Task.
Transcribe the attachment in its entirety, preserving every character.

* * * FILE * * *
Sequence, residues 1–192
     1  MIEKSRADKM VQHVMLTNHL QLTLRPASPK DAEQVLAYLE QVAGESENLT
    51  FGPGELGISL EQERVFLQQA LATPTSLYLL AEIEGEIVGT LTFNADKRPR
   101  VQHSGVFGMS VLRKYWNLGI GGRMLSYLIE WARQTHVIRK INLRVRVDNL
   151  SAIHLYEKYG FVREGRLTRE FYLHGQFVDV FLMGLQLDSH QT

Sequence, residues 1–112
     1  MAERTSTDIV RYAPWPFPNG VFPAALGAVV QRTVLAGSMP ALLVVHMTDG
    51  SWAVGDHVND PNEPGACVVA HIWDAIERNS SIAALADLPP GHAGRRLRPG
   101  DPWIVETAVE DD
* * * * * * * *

Sequence, residues 1–192
     1  MIEKSRADKM VQHVMLTNHL QLTLRPASPK DAEQVLAYLE QVAGESENLT
    51  FGPGELGISL EQERVFLQQA LATPTSLYLL AEIEGEIVGT LTFNADKRPR
   101  VQHSGVFGMS VLRKYWNLGI GGRMLSYLIE WARQTHVIRK INLRVRVDNL
   151  SAIHLYEKYG FVREGRLTRE FYLHGQFVDV FLMGLQLDSH QT

Sequence, residues 1–112
     1  MAERTSTDIV RYAPWPFPNG VFPAALGAVV QRTVLAGSMP ALLVVHMTDG
    51  SWAVGDHVND PNEPGACVVA HIWDAIERNS SIAALADLPP GHAGRRLRPG
   101  DPWIVETAVE DD